Turbulent Seas, Army Woes, and Academic Bias

In the Gulf of Oman, tensions are escalating as Iran and the United States offer conflicting accounts of the events leading to Iran’s seizure of an oil tanker. Iran alleges that the tanker, carrying Kuwaiti crude oil for Chevron Corp, collided with an unidentified Iranian vessel and then fled the scene. The US Navy 5th Fleet, however, views Iran’s actions as a violation of international law and a threat to maritime security. This incident is the latest in a series of retaliatory actions between the two nations, with the US imposing harsh sanctions on Iran after withdrawing from the 2015 nuclear deal.

Meanwhile, credit card companies like MasterCard and Visa are reporting a slowdown in consumer spending, a concerning indicator for the US economy. Adjusted for inflation, there was no growth in retail sales during the holiday season, marking it the worst performing season since 2017. This slowdown, coupled with an increase in delinquencies and defaults, suggests a potential recession. The total household debt in America is at an all-time high of $17.3 trillion, which, combined with historically normal interest rates, will lead to larger interest burdens and slower economic growth.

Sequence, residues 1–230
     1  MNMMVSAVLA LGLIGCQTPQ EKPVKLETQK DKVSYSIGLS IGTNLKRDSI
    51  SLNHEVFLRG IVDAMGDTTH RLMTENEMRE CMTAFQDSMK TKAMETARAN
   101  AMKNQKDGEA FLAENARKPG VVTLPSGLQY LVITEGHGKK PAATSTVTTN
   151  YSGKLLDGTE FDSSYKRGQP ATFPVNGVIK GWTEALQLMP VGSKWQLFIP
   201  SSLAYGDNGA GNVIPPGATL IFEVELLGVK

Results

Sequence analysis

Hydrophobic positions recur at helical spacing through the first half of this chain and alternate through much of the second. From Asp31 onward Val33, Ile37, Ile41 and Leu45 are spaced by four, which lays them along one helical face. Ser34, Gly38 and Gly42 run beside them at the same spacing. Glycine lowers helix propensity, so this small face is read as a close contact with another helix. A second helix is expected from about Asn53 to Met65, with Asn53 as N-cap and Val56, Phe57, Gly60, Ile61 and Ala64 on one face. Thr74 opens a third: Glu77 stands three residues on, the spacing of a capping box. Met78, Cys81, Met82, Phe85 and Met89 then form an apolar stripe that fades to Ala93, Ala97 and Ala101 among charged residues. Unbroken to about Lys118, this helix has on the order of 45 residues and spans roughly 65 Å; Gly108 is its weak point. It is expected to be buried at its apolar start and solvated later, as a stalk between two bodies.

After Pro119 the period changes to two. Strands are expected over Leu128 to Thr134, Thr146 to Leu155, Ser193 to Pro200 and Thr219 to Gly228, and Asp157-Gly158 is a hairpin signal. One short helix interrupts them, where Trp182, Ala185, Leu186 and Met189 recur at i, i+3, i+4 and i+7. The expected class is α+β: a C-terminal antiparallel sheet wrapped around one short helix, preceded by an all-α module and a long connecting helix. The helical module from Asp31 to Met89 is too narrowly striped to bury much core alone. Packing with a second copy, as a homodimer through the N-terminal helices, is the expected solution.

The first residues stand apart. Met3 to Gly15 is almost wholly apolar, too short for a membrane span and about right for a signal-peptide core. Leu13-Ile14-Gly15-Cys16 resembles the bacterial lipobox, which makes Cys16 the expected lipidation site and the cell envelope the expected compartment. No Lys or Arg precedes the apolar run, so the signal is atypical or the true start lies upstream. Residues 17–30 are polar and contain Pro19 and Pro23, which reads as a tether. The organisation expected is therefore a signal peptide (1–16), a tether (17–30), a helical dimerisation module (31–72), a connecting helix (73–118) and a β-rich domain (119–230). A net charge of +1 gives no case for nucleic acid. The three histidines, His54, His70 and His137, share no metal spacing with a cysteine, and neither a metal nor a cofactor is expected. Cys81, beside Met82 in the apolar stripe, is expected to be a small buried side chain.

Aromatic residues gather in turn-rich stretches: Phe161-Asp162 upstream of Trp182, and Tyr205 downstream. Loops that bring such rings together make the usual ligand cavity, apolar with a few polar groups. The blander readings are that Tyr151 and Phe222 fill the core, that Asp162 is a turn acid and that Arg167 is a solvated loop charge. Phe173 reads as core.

In the medical field, the concept of vaccine shedding, or the transmission of illness from vaccinated individuals to the unvaccinated, is being explored. The author of a recent article suggests that shedding may occur through respiratory transmission or skin-to-skin contact, and that symptoms can overlap with those of long COVID and vaccine injuries. Further research is needed to fully understand shedding and its implications.

The U.S. Army is experiencing a decline in white recruits, with numbers dropping significantly in recent years. Experts and Army officials attribute the recruiting problem to various factors, including partisan scrutiny of the service, an obesity epidemic, and an underfunded public education system. However, some argue that the emphasis on diversity hires and the perceived denigration of white people by the establishment are primary reasons for the decline in white recruits.

In the world of academia, a counter-terrorism course at Kings College is under scrutiny for its alleged politically biased and anti-government training. The author of a recent critique argues that civil servants misunderstand extremism and terrorism to the point of being a national security risk. They express concern about the course’s emphasis on downplaying Islamist extremism and giving more weight to right-wing extremism, which contradicts the findings of a government review.

This is a companion discussion topic for the original entry at https://peakprosperity.com/daily-digest/turbulent-seas-army-woes-and-academic-bias/